Global dollar woes continue. Is a peak in sight?

by Giles Coghlan, Chief Currency Analyst, HYCM

As President Nixon’s Treasury Secretary, John. B. Connally famously announced to his stunned counterparts at the 1971 G-10 meetings: “The dollar is our currency, but it’s your problem.” Connally was one of the architects of the “Nixon Shock”, which would be the final nail in the coffin of the Bretton Woods Agreement. Connally was also a passenger in the car and was seriously wounded when President Kennedy was assassinated.

At the present moment, we’ve seen a highly aggressive Federal Reserve lead most global central banks on a tightening cycle that has effectively curbed demand, brought down risk assets, and greatly strengthened the US dollar. The DXY is currently trading at around 1.06 after breaching the 1.09 level on July 14, which was also the day the dollar briefly achieved parity with the euro. The DXY is up almost 20% on the year, and EURUSD is down some 17% for the same period.

Everyone’s Problem

A strong dollar is actually everyone’s problem at the moment. For developing economies with largely dollar-denominated debt, this means both their debts and repayments increase, making it even harder to service those debts with a local currency that is falling by comparison. We’ve seen this recently with the civil unrest in Sri Lanka, which recently defaulted on its debt for the first time in its history.

A strong dollar can also make inflation worse, particularly when it comes to resources like oil that are priced in dollars, for many of the same reasons as above. But a strengthening dollar also hurts the trade balance of the United States because it renders US exports uncompetitive. 

It’s also causing massive problems for the Eurozone. Europe is now being forced to follow the Fed’s lead and also raise its own interest rates in order to strengthen the euro; this is in the interest of mitigating some of the increased costs of imported goods, particularly energy. The ECB’s recent 50 basis point hike – Europe’s first hike in eleven years – puts significant strain on its more heavily indebted members, like Italy, and raises serious questions about their ability to pay that debt.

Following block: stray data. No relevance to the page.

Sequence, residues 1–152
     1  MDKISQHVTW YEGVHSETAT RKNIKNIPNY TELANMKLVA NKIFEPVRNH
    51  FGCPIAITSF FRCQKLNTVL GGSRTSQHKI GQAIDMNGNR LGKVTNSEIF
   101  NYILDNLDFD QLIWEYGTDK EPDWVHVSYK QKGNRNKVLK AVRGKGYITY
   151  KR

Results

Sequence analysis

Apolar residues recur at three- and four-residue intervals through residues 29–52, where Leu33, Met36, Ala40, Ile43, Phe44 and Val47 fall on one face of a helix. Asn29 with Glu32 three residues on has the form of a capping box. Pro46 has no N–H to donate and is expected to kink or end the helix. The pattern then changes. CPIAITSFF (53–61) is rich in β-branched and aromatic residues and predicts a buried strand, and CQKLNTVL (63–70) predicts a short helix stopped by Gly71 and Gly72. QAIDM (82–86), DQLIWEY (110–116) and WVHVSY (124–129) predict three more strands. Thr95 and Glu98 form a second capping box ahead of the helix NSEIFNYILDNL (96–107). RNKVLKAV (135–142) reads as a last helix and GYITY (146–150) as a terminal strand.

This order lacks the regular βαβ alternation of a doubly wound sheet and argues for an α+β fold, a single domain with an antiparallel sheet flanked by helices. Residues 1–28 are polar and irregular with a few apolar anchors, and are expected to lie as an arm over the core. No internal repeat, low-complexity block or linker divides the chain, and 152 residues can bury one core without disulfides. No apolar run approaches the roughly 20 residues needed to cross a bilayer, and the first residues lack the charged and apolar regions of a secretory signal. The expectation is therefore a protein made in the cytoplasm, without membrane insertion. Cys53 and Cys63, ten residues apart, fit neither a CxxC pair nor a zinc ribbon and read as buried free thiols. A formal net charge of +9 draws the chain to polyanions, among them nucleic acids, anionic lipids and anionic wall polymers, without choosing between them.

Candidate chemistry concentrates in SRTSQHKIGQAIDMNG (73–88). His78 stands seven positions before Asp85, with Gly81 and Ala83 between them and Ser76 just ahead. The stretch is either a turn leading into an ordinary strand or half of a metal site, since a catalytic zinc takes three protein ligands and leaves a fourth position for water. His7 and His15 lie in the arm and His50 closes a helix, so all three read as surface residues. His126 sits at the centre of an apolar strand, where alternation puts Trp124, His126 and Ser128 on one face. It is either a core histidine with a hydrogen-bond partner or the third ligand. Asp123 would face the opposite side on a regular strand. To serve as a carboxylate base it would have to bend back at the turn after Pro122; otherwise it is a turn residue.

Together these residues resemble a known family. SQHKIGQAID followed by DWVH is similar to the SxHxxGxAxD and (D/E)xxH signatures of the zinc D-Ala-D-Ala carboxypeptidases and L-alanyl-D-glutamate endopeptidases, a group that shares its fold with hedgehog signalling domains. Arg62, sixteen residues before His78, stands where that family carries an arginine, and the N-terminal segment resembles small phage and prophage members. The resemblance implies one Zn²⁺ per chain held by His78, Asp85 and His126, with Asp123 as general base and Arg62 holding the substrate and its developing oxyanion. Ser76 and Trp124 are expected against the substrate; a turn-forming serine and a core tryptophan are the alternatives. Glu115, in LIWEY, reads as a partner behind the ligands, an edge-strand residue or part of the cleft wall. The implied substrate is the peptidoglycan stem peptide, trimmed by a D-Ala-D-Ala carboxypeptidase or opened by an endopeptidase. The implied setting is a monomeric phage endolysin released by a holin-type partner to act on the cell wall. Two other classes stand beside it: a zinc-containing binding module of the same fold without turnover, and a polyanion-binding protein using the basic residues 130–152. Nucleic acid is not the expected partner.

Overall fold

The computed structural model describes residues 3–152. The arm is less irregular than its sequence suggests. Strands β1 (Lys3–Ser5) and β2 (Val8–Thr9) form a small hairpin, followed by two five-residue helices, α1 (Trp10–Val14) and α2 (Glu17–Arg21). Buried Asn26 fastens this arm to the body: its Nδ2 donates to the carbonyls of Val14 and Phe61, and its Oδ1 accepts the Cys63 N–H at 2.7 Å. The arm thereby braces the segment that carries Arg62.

The Charts

Is US dollar strength the shape of things to come, or is the dollar close to peaking? Currently, we see the DXY at the top of an uninterrupted uptrend going all the way back to May of last year. For EURUSD it’s the reverse, for obvious reasons. Both have broken all respective support and resistance going back to 2002. 

For the above reasons, technically, the DXY isn’t a chart that’s screaming “buy” at the moment, nor is the EURUSD screaming “sell”, even though the daily RSIs of both have cooled off in this recent bout of profit-taking. Despite this, RSI levels remain extreme on both the weekly and monthly timeframes. 

And it’s when we zoom out to these longer-term timeframes that we notice the start of what could be a lack of follow-through from these levels. Both DXY and EURUSD are beginning to register divergences between RSI and the price action. These divergences show up on both weekly and monthly timeframes for both symbols. 

Now, RSI divergences are notoriously unreliable if you want to pin the precise turning point of a market. This is because assets can be overbought for long stretches of time during bull markets, and oversold for long stretches during bear markets. However, when these signals start appearing on the weekly and monthly timeframes, they carry much more weight. When you start to see persistently higher prices not reflected in a higher weekly or monthly RSI, it can be an indication that the move is getting a little stretched.

Weekly RSI divergences recently signalled the top in the S&P 500, the Nasdaq, as well as many of the top crypto assets. More to the point, they also signalled the December 2020 top in EURUSD and bottom in the DXY, so these signals are worth noting at the very least. 

A wide range of currency pairs and indices, as well as instruments in other asset classes, are available for trading with HYCM broker.

Trade with HYCM

About: HYCM is the global brand name of HYCM Capital Markets (UK) Limited, HYCM (Europe) Ltd, HYCM Capital Markets (DIFC) Ltd, HYCM Ltd and HYCM Limited, all individual entities under HYCM Capital Markets Group, a global corporation operating in Asia, Europe, and the Middle East.

High-Risk Investment Warning: Contracts for Difference (‘CFDs’) are complex financial products that are traded on margin. Trading CFDs carries a high degree of risk. It is possible to lose all your capital. These products may not be suitable for everyone and you should ensure that you understand the risks involved. Seek independent expert advice if necessary and speculate only with funds that you can afford to lose. Please think carefully whether such trading suits you, taking into consideration all the relevant circumstances as well as your personal resources. We do not recommend clients posting their entire account balance to meet margin requirements. Clients can minimise their level of exposure by requesting a change in leverage limit. For more information please refer to HYCM’s Risk Disclosure.